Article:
Posts Tagged Zola
L’Assommoir by Emile Zola (1877)
This seminal novel is given over to the working class of late 19th century Paris, and is arguably Zola’s most complete, authoritative work.
The pivotal character, Gervaise Macquart (sister of Lisa, mother of Etienne and Claude) is a washerwoman and a single mother, who has the fortune to marry Coupeau, an honest, hard-working roofer. She is aware of her ruinous hereditary compulsion for alcohol, but is fiercely determined to avoid this path in life, and has ambitions to pursue a more earnest, conscientious route by owning her own laundry service (although Johnsons The Cleaners this is not).
Tragedy strikes when Coupeau is distracted by the playful cries of their daughter Anna, or ‘Nana’, in the street below and falls from a roof, breaking his leg (he won’t be the last man brought crashing down by Nana, though we’ll have to save that for another time). Recuperation and boredom drive Coupeau slowly but surely to drink, and his life becomes an alcoholic blur, much of which is spent in the fateful assommoir.
Catastrophically, Gervaise’s former lover Lantier (father to Etienne and Claude) returns, and inveigles himself into the trust of Coupeau. The work-shy pair lead a merry life off the back of Gervaise’s moderately successful commerce, and over time the couple’s debts grow. Coupeau slithers into their home by virtue of adding a small amount of money to the family finances each week. Over time, this former lover of Gervaise’s becomes her current lover, under the nose of Coupeau who at this point is too addled to care. Perhaps more significantly, Nana is witness to this literal ménage-à-trois, later running away from home into a life of vice herself.
(as a bit of non-sequitur, I remember finding this element of the novel eerily reflected in a storyline on Coronation Street in the early 2000s, in which a former extra-marital lover of Deidre Barlow’s ended up living with her and Ken in number 1. And look what that did to Tracy Barlow)
Amid the chaos, Gervaise is inevitably drawn into the world of drunkenness and fecklessness, and her burgeoning business goes down the drain (eh, laundry, water, drain – do you see? Oh, never mind…). Coupeau is admitted numerous times to a psychiatric hospital, Sainte-Anne (to this day a specialist centre for treatment of addictions), where he suffers violent hallucinations and eventually dies. Reduced to absolute destitution, Gervaise manages to squeeze one last drop of sympathy out of an acquaintance and is allowed to take refuge in a cupboard under a flight of stairs in a tenement building. In this pitiful state she dies, and is not discovered until the tenement’s inhabitants find the smell unbearable.
For all its bleakness and desolation, the sheer power of the writing, and Zola’s refusal to compromise his desire for realism, lifts the novel out of despair and into a compelling human study.
As with the Cheese Symphony in Le Ventre de Paris, L’Assommoir features celebrated set-pieces, notably the day of Gervaise’s marriage to Coupeau, in which the wedding group embark upon a chaotic, amateurish tour of the Louvre museum, and the slapstick bottom-smacking doled out to one of the more vociferous washerwomen.
The novel was seen as scandalous at the time of its release for its depictions of everyday working life, not least the language used (most editions of the book come with a comprehensive glossary of the colloquialisms used, including around a dozen unusual words for different kinds of booze, most of which are described as “low quality…”). In the face of criticisms ranging from right-wing accusations of publishing “pornography”, to left-wing allegations of decrying the entire working class, Zola defended his stance by saying he sought to represent the reality of life:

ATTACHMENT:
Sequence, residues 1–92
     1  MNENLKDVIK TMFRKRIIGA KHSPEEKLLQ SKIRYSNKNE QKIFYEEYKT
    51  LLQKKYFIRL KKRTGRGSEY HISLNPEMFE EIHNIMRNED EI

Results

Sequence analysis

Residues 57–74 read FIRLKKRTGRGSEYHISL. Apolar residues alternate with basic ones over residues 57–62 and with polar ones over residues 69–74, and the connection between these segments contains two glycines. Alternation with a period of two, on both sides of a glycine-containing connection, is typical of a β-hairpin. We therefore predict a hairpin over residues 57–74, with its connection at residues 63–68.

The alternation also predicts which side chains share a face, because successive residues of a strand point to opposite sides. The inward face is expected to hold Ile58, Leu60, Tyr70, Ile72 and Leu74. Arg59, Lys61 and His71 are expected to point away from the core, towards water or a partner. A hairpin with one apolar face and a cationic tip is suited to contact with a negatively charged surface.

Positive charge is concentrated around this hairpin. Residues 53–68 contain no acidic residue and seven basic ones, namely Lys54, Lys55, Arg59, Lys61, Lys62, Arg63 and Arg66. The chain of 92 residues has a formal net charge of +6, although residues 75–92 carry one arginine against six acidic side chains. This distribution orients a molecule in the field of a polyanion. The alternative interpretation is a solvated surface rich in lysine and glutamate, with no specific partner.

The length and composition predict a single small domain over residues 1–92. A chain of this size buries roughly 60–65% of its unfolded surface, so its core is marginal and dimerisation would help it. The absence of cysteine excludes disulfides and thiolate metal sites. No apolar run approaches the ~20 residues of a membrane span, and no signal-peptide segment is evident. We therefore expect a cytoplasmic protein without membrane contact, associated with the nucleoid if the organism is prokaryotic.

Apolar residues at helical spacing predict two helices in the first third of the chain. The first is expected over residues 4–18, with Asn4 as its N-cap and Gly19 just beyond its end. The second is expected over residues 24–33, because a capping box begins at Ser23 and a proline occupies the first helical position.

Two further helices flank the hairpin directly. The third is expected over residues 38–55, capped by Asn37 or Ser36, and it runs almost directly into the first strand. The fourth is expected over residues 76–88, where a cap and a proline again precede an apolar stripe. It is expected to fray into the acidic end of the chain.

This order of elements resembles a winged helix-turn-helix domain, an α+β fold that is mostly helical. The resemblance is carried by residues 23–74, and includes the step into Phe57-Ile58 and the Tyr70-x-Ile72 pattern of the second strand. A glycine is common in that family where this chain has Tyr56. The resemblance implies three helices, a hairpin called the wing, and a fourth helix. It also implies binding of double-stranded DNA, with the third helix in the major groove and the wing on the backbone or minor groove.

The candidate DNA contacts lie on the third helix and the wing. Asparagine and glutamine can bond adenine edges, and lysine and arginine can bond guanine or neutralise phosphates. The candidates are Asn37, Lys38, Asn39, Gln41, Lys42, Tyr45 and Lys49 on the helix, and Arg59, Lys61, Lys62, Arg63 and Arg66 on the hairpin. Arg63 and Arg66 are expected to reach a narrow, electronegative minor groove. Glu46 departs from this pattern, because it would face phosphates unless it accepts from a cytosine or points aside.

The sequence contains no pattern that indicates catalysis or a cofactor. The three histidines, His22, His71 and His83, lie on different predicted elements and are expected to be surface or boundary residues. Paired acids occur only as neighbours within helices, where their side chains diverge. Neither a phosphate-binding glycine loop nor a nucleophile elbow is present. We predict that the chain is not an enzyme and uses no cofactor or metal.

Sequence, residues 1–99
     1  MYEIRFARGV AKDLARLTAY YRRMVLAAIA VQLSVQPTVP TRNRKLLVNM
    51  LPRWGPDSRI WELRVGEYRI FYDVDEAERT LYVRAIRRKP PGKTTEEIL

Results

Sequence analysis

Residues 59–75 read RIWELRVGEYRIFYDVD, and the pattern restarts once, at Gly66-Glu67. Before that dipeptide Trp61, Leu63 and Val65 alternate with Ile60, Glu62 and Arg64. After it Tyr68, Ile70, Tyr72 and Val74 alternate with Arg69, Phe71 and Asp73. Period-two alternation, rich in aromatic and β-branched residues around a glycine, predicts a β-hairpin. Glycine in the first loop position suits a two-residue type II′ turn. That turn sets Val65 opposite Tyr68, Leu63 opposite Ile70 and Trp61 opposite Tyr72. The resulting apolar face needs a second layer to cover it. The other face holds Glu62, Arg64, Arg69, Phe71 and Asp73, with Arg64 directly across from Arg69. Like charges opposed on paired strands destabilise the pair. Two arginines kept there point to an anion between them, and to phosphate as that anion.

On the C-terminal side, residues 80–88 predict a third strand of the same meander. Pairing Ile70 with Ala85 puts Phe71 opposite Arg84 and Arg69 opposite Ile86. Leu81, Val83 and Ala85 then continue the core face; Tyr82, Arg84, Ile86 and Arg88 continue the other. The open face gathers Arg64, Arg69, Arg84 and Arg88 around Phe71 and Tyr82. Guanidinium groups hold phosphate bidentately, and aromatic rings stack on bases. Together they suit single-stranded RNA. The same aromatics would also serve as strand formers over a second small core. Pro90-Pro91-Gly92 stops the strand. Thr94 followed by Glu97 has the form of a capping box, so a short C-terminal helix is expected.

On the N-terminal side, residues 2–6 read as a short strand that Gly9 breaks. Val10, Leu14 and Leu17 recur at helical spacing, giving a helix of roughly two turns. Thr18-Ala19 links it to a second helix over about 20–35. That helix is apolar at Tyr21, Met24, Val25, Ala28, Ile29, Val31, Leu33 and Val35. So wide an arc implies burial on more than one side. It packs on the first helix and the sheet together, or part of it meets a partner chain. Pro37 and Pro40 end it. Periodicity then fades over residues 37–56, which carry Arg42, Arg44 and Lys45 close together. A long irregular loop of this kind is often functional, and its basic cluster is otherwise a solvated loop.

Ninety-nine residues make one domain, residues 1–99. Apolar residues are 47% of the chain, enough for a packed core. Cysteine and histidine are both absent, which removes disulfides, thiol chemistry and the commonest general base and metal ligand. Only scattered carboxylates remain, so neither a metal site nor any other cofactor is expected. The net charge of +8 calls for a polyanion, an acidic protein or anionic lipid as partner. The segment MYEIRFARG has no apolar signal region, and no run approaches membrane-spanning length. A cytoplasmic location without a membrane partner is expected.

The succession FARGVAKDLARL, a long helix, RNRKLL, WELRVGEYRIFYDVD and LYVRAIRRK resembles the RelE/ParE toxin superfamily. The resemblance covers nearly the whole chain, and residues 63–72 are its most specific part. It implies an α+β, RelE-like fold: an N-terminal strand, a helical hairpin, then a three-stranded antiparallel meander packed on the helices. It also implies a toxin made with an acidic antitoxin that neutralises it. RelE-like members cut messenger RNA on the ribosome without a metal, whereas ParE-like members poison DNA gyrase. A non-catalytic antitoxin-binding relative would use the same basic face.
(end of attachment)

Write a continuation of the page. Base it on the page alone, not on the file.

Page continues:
“J’ai voulu peindre la déchéance fatale d’une famille ouvrière, dans le milieu empesté de nos faubourgs. Au bout de l’ivrognerie et de la fainéantise, il y a le relâchement des liens de la famille, les ordures de la promiscuité, l’oubli progressif des sentiments honnêtes , puis comme dénouement la honte et la mort. C’est de la morale en action, simplement. L’Assommoir est à coup sûr le plus chaste de mes livres”
“I wanted to paint the fatal deprivation of a working-class family in the infested suburbs. Drunkenness and laziness lead to the letting go of family ties, the filth of promiscuity, the gradual loss of honest feelings, and, in the end, shame and death. It’s simply morality in action. L’Assommoir is without doubt the most chaste of my books“
Le Ventre de Paris by Emile Zola (1873)
Our hero, Florent, arrives in town on the back of a horse and cart which is bringing a stall’s-worth of turnips to the market. After years’ imprisonment on an island off French Guyana, mistaken for a political dissident, he finds his step-brother, Quenu, now something of a master butcher, and sister-in-law, Lisa, of Zola’s notorious Macquart clan. They take him in under the cover of being a distant cousin. Although hugely intimidated by the coarse, brash women of Les Halles (not to mention his own anti-authoritarian instincts), Florent takes a job as an inspector in the market. In his spare time he begins to develop an ineffectual, amateurish socialist plot against the Second Empire – Lisa’s bourgeois self-interest takes hold, and she denounces him to the police, whereupon he is arrested and deported. Again.
This is generally considered to be one of Zola’s second division novels, but features several striking elements which raise it deservedly amongst the classic French works of its kind.
Firstly, as with Germinal’s mine (Le Voreux) and La Bête Humaine’s train (La Lison), Les Halles transcend their man-made limitations to become a living, breathing character in the novel. Emblematic of Paris’ imminent ruin, the belly of the capital is more important than its heart or its brain (of which there are no signs); all working-class life is seen to revolve around Les Halles: disputes are settled with fist-fights, clumsy teenage romances are consummated on makeshift beds of duck feathers, and life itself comes to an end courtesy of a lump of stone to the back of the head.
Meanwhile, the novel contains Zola’s perhaps most famous single passage of prose, a description of entering a cheese shop and being overwhelmed by a multitude of pungent odours, also referred to as The Cheese Symphony (no, really).